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Making a Murderer: Steven Avery appeals conviction in Teresa Halbach case

Avery was previously wrongfully convicted in a rape case

Serina Sandhu
Wednesday 13 January 2016 14:13 GMT
Steven Avery, the subject of the new Netflix documentary
Steven Avery, the subject of the new Netflix documentary

A man who was convicted of killing a photographer, and whose case is the subject of the Netflix series “Making a Murderer”, has filed an appeal to be released.

Steven Avery was convicted over the death of Teresa Halbach in 2007 in Wisconsin. His nephew, Brendan Dassey, was also convicted.

For many people, the Netflix series has cast doubt on the legal process used to convict them, but authorities involved in the case have said it is biased.

In the appeal filed by Avery at the Wisconsin Court of Appeals on Monday, the 53-year-old has made a number of claims, including that the search carried during the investigation was improper and that a juror directly or indirectly influenced other jurors.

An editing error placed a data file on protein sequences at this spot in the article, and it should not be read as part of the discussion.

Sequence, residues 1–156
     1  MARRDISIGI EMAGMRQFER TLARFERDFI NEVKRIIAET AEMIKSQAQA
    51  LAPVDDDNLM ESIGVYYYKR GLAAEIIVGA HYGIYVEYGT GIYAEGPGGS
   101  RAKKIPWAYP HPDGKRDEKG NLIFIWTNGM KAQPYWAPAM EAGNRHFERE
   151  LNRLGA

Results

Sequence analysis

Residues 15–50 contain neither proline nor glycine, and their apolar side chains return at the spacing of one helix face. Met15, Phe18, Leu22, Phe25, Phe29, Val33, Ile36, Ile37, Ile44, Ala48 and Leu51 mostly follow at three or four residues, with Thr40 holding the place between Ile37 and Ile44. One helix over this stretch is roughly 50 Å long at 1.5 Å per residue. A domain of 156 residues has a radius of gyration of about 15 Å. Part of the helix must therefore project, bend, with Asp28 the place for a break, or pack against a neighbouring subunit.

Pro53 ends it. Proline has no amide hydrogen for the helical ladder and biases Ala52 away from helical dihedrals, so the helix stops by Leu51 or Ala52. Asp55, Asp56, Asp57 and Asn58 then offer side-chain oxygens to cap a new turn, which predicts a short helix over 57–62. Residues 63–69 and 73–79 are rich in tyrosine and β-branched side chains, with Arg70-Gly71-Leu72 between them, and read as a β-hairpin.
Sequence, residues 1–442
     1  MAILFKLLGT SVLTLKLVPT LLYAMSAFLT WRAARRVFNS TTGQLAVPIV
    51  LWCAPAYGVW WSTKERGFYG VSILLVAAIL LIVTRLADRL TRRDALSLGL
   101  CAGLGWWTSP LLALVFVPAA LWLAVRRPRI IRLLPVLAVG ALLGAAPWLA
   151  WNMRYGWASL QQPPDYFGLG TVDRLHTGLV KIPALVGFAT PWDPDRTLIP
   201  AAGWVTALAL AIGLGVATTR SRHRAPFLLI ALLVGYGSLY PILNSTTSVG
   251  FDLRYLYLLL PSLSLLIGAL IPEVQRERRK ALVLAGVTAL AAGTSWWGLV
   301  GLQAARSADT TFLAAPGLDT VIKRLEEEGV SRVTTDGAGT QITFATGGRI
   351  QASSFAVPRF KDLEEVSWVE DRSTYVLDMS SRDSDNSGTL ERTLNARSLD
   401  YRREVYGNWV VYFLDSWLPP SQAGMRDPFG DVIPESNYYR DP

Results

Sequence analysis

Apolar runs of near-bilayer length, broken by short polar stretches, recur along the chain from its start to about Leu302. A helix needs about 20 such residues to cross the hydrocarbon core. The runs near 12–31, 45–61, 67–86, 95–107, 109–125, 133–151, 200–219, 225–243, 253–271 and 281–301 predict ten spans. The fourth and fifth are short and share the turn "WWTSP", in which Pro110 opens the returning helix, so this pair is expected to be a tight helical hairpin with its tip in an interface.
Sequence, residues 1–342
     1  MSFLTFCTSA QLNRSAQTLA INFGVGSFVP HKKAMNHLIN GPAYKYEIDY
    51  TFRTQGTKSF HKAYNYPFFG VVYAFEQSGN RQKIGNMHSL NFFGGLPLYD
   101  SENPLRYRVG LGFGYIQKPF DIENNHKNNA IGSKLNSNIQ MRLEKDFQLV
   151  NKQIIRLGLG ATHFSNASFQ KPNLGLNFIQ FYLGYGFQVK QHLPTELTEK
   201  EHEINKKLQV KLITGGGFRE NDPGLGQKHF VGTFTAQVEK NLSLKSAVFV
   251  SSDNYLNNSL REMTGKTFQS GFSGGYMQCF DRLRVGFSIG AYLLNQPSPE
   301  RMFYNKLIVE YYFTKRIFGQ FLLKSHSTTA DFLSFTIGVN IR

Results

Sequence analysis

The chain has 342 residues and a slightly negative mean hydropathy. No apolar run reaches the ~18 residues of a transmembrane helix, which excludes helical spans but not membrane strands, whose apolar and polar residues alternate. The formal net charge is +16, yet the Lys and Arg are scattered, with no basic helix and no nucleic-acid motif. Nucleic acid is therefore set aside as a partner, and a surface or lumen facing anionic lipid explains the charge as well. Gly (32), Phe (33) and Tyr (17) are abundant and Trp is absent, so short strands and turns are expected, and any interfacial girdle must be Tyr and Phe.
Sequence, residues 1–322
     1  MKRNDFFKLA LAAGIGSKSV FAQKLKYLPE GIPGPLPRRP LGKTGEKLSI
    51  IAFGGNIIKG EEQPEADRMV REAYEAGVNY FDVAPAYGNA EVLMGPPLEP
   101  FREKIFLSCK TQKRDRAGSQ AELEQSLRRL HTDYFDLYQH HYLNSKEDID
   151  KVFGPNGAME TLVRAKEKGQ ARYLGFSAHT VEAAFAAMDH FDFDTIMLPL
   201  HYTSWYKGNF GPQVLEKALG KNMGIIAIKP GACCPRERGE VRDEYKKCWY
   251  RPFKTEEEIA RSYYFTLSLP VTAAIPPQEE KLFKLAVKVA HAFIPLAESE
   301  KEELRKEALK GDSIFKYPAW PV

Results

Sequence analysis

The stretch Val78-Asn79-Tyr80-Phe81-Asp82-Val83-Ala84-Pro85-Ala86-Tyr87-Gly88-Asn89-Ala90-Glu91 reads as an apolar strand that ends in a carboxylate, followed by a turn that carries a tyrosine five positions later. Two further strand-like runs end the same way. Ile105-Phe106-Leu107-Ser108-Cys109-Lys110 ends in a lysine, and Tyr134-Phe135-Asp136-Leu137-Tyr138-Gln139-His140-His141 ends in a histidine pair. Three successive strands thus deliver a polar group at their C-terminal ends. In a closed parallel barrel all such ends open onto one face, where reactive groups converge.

According to the appeal papers, Avery claimed: “The Judge Angela Sutkiewicz, Inartfully Circomnavigated Around irrefutable, Uncontrovertable Evidence in Averys Favour that both refutes and rebukes the Memorandum Decision [sic]...”

The filing reportedly does not include his attorney’s name.

Avery sued Manitowoc County for millions of dollars after he served 18 years in prison for being wrongfully convicted in a rape case in 1985. DNA evidence later proved he did not commit the crime.

Sheriff Robert Hermann, of Manitowoc County, said he had not seen the appeal but said the investigation had been proper.

Making A Murderer- Where are they now?

A petition to free Steven Avery has garnered more than 410,000 signatures from people who want him to be pardoned by Scott Walker, the governor of Wisconsin, and President Barack Obama, after watching the Netflix series.

The petition reads: “Steven Avery should be exonerated at once by pardon, and the Manitowoc County officials complicit in his two false imprisonments should be held accountable to the highest extent of the US criminal and civil justice systems.”

But Mr Walker has said he will not be intervening in the case. He told WQOW television: “Just because a documentary on TV says something doesn’t mean that’s actually what the evidence shows.”

Additional reporting by AP

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